Arts of Citizenship research into coming-of-age in Detroit has also yielded fascinating oral histories about growing up in the 1960s. In collaboration with Michigan Radio, a public radio station that reaches much of the state, UM students created radio documentary pieces based on interviews with Detroiters who were teenagers during the 1967 Detroit riots. A series on Detroit's jazz history is now in the planning stages.
Students On Site is a local history partnership with Ann Arbor public schools and UM's Bentley Historical Library and Digital Library Initiative. A multi-week hands-on curriculum for 3rd graders about Ann Arbor's historic riverfront neighborhood is supplemented with field trips. An online archive on the program's web site offers over 250 documents (maps, photos, audio recordings, letters, and newspaper articles), plus a virtual bus tour of old Ann Arbor. UM students do research and assist in classrooms. Similar partnerships have evolved in poetry writing and in environmental history.
The Hallelujah Project is a collaboration with the internationally renowned Liz Lerman Dance Exchange (Washington, DC), the University Musical Society, and Detroit organizations to explore history and social issues in southeast Michigan through life-story narrative and dance performance. Over a period of two years, six faculty members and dozens of students at UM and Marygrove College in Detroit have been involved in work including performance pieces, afterschool programs, and video autobiographies.
Building on methods developed in the Mosaic Youth Theater project, the Homelands project joins Detroit's Matrix Theater with UM's Residential College and Ginsberg Center for Community Service and Learning. College students and community residents are producing dramatic materials from oral histories in the diverse neighborhoods of southwest Detroit.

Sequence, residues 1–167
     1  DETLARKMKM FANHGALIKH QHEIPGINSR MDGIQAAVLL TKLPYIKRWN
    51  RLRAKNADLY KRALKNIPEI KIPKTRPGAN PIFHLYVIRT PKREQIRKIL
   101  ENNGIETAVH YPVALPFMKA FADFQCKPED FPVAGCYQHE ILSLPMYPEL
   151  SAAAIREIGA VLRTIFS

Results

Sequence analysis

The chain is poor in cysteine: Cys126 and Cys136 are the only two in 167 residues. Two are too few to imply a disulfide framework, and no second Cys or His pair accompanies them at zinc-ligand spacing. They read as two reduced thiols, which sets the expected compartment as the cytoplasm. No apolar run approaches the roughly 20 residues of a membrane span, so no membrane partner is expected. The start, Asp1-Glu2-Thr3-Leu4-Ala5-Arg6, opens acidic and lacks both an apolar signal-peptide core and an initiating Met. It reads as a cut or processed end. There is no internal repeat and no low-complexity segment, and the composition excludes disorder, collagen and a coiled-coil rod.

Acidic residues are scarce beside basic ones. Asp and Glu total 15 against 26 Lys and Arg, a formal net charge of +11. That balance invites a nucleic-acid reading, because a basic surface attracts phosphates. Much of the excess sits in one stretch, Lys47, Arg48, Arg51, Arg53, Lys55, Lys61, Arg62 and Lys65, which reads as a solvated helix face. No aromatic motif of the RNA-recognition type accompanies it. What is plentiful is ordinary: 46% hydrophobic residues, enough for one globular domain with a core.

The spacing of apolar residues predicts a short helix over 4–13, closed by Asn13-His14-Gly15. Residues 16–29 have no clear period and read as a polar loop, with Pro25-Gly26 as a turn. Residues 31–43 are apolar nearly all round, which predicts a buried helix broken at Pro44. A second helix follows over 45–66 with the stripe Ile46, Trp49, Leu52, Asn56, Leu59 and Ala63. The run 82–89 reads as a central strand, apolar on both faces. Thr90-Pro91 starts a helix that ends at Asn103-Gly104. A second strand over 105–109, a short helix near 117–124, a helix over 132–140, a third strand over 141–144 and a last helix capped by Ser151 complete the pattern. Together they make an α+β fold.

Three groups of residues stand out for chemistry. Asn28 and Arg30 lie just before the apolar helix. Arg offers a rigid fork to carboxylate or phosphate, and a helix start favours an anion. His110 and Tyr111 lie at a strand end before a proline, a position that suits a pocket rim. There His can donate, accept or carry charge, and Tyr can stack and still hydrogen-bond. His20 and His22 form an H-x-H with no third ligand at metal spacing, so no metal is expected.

Students and community members working on these projects produce tangible cultural products, such as exhibits, websites, curricula, theatrical works, or documentaries. Their response has been positive--most of these students, who traditionally cluster in the social sciences, are delighted to have found a way to work with the public in the arts and humanities. For graduate students, in particular, Arts of Citizenship opens up a realm of career possibilities other than college teaching, including jobs with museums, arts organizations, and government. The program complements service-learning initiatives on campus.
Arts of Citizenship is predicated on the belief that, "doing the arts and humanities in public" and in dialogue with the public can transform how the university defines research and teaching. In this spirit, the program holds forums to forge links on campus. Through its grant program for UM faculty and graduate students, the program supports work that often has difficulty securing funding, such as:
Arts of Citizenship is part of a growing movement nationwide to enhance both universities and their communities through collaborative work on meaningful cultural projects.
For more information about the Arts of Citizenship Program, visit http://www. artsofcitizenship.umich.edu.